Within minutes an entire business model came into view, crisp and clear. I ran to my car, drove home, sat at my laptop and typed for a few hours straight. What is now my business and my passion was born.

Looking back, it all makes sense. I disliked my own college experience and envisioned a radical new model some 12 years earlier. I didn’t know where to go next with my idea so I put it on the shelf and pursued other things. In the dozen years that followed, I mostly pursued whatever was interesting to me personally and professionally with no long term plans. I managed to accidentally accumulate a near perfect mix of knowledge, skill, experience, outlook, and a network to launch what eventually became the higher ed. alternative I once dreamed about.

But I didn’t know any of this stuff was in there. It was all hiding in its own layer. Some nestled deep in the subconscious. Some associated with entirely different aspects of myself. I could never have purposefully made the connections necessary to see what I was capable of building. It had to emerge.

I took a walk. It’s the best way I know of to create the space for emergence in your own life.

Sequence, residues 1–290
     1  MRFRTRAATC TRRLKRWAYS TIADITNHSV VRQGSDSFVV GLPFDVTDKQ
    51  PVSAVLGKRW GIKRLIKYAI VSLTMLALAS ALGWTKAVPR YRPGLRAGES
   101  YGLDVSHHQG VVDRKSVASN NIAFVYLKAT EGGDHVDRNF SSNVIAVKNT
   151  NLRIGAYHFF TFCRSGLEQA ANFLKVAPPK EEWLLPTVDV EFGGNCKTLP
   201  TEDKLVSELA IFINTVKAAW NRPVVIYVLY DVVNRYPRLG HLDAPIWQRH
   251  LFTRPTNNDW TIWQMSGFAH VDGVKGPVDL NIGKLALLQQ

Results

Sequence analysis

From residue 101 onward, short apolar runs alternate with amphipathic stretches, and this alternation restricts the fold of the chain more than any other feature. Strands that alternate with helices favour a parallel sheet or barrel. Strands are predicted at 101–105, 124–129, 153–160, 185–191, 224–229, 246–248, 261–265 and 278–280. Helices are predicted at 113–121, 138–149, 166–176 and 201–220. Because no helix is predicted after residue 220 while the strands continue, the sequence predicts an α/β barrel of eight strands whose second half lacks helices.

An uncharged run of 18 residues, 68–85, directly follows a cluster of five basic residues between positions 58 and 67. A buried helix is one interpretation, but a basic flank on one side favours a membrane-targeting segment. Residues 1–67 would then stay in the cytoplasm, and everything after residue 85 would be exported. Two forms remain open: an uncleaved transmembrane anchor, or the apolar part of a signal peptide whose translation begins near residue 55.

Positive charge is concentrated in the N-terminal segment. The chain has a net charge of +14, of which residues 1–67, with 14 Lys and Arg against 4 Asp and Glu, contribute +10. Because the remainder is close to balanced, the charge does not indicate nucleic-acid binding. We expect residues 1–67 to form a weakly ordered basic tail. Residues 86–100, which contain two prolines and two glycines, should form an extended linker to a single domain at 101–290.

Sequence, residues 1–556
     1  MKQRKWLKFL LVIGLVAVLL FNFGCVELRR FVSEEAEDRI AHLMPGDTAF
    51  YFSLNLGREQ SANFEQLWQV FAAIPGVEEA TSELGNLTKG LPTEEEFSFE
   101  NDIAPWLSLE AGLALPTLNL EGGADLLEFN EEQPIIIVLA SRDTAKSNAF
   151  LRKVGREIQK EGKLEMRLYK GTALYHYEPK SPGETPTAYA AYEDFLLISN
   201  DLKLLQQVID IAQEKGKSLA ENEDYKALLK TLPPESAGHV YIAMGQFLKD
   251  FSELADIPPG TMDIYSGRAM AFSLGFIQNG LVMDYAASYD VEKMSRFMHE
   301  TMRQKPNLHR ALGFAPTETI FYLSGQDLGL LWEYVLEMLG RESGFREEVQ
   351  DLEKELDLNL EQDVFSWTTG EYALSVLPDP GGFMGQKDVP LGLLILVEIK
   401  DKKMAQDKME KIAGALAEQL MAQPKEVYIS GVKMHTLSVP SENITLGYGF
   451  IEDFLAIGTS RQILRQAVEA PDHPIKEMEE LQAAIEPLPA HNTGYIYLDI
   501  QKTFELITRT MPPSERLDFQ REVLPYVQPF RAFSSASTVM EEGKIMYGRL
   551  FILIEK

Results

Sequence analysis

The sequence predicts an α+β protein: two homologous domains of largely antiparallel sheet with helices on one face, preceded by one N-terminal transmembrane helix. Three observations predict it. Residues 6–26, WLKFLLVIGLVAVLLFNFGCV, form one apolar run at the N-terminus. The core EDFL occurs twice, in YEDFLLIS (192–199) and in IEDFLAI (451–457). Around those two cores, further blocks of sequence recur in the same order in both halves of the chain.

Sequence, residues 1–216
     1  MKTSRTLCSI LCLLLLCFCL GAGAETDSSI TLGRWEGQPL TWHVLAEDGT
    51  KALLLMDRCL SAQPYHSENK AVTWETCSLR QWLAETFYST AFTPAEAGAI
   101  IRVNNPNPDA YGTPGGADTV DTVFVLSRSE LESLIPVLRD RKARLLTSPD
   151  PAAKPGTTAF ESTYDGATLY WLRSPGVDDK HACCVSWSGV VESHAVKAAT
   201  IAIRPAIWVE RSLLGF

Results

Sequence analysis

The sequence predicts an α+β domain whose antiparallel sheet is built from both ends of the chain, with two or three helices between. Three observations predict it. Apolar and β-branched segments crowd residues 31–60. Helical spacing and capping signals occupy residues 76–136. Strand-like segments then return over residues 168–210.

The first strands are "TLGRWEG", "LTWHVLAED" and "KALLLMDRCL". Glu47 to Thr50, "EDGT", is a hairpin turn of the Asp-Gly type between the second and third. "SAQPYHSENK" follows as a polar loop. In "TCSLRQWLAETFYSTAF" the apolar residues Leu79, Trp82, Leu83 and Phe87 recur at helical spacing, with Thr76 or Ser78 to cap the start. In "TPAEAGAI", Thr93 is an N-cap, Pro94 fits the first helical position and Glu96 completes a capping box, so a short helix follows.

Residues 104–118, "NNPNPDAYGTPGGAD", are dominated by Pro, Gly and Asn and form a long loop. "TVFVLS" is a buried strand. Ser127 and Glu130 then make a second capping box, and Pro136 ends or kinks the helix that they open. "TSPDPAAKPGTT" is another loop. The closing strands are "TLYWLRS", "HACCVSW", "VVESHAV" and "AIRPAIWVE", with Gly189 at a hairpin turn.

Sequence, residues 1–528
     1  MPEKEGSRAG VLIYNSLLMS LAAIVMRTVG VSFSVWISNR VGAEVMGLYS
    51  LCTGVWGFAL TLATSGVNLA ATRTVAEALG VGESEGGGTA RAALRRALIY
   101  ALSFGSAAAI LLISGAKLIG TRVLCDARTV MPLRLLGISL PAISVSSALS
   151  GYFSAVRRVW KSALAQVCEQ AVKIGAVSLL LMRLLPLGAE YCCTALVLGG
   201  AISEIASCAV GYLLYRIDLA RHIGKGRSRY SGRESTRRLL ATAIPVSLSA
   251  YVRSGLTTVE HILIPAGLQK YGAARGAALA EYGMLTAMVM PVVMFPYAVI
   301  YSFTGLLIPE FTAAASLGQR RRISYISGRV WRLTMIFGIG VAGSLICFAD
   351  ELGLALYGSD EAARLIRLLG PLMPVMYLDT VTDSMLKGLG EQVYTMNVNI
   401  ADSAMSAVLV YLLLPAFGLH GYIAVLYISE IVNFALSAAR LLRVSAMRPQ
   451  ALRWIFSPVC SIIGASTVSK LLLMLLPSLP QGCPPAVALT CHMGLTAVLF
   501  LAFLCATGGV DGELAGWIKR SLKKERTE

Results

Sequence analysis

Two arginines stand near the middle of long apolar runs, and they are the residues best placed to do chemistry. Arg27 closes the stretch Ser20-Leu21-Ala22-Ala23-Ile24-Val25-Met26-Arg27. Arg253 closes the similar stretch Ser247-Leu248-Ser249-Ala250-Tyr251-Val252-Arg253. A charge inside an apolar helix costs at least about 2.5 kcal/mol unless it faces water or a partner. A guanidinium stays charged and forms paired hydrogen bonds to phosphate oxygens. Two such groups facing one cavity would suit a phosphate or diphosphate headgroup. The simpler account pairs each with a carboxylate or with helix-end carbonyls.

You live much of life on a conveyor belt. It’s a structure created by others beginning with school and following you even onto the Internet as your newsfeed is curated based on assumptions about what’s important to you. But you’re hatching ideas and ideas about ideas all the time, whether you know it or not. The trick is accessing them and giving them space to mingle.

All the networks and technology at our fingertips is amazing. But it cannot on its own bring about the great epiphanies and acts of creation.

You can’t deliberately plan emergence. But you can remove obstacles. You can create conditions conducive to it. For me, that’s the simple act of walking. An act as old as our species.

Let your steps stir up your soul.


T.K.’s Take: The Mind an Ocean

One of the concepts that radically changed my life is an idea called “noble boredom.”

According to Rabbi Jonathan Omer-Man noble boredom means, “No anticipation of action. It means having the ability to be present without needing something to happen.”

You don’t need to live very long to discover that busyness is the bearer of many luxuries. Being busy makes you look important. It gives you a good excuse for avoiding unwanted commitments and helps you deal with guilt, inadequacy, and the belief that you’re not working hard enough. Busyness protects from messy confrontations with the thing you fear the most: boredom.